Seek medical attention if the piercing starts to show signs of infection, like pain, swelling or redness.
"If irritation develops, it may be necessary to remove the piercing," Dr. Wei says.
How to Prevent Gum Recession
Receding gums can't "grow back," unfortunately, and you can't necessarily reverse receding gums at home. But there are things you can do to stop your receding gums from getting worse, and that comes down to some basic healthy habits.
"The best way is to practice good oral hygiene," Dr. Wei advises.
To protect your teeth and gums, the ADA recommends you:
- Brush your teeth twice daily and floss at least once daily. Apply firm but gentle pressure to avoid irritating your gums. If you're using an electric toothbrush, there's no need to push at all — let the brush do the work for you.
- Rinse with a mouthwash. An antibacterial option swishes away bacteria that could lead to gum infections.
- Visit your dentist regularly. Most people should have a dental exam and cleaning twice per year. You may need to go more often if you have risk factors for gum disease (like smoking, diabetes, taking medications that cause dry mouth or having an underlying disorder that affects your immune system).
- If you smoke, quit. Tobacco makes it harder for your body to fight off gum infections.
- Address dental problems promptly. Talk with your dentist about any issues you might be experiencing that could affect your gums, like tooth grinding, gum disease symptoms or crooked teeth.
When to See a Dentist About Receding Gums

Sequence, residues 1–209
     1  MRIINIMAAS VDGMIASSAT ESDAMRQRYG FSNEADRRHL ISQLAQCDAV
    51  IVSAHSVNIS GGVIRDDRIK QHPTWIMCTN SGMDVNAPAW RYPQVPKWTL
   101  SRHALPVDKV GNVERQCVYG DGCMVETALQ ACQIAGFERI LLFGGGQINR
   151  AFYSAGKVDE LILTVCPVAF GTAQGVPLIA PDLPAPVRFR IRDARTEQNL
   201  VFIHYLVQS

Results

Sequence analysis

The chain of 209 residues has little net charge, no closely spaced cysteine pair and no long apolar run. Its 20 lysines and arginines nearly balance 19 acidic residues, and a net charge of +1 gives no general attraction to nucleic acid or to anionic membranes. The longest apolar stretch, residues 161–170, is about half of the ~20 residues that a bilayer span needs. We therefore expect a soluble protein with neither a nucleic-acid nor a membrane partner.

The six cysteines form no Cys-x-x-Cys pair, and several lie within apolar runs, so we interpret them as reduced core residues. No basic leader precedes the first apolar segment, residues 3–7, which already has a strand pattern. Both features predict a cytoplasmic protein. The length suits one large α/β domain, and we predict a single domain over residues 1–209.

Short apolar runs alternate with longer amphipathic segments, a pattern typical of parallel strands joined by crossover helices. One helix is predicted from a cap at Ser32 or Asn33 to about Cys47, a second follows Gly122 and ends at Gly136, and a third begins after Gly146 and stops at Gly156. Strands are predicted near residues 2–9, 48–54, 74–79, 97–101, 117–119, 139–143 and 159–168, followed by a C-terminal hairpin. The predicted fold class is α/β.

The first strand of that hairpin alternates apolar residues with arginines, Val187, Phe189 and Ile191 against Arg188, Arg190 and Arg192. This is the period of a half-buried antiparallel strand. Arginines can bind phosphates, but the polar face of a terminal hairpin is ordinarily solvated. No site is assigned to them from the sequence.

It's a good idea to see your dentist twice a year for maintenance checkups. But you should schedule an appointment in between visits if you notice any signs of gum recession like pain or discomfort around your gum line, increased tooth or gum sensitivity or loose teeth, Dr. Wei advises.
"Your dentist can evaluate the severity of your gum recession and suggest the best treatment plan for you," he adds.
Treatment for receding gums might include the following, per the Cleveland Clinic:
- Deep cleaning, which can get rid of bacteria causing gum disease and inflammation
- Topical antibiotics, which can also treat gum disease
- Dental bonding, which involves placing a tooth-colored resin over the exposed root to make it less noticeable and improve symptoms like sensitivity
- Orthodontics, which can correct crooked teeth
- Gum graft surgery, which usually involves taking a graft of tissue from the roof of your mouth and attaching it to your gum line
- Cleveland Clinic: "Gum Recession"
- Dental Press Journal Orthodontics: "Gingival recession: its causes and types, and the importance of orthodontic treatment"
- American Dental Association: "Toothbrushes"
- National Institute of Dental and Craniofacial Research: "Periodontal (Gum) Disease"
- Journal of the American Dental Association: "Keeping Your Gums Healthy"
- Centers for Disease Control and Prevention: "Smoking, Gum Disease, and Tooth Loss"
- American Dental Association: "Oral Piercings"
Is this an emergency? If you are experiencing serious medical symptoms, please see the National Library of Medicine’s list of signs you need emergency medical attention or call 911.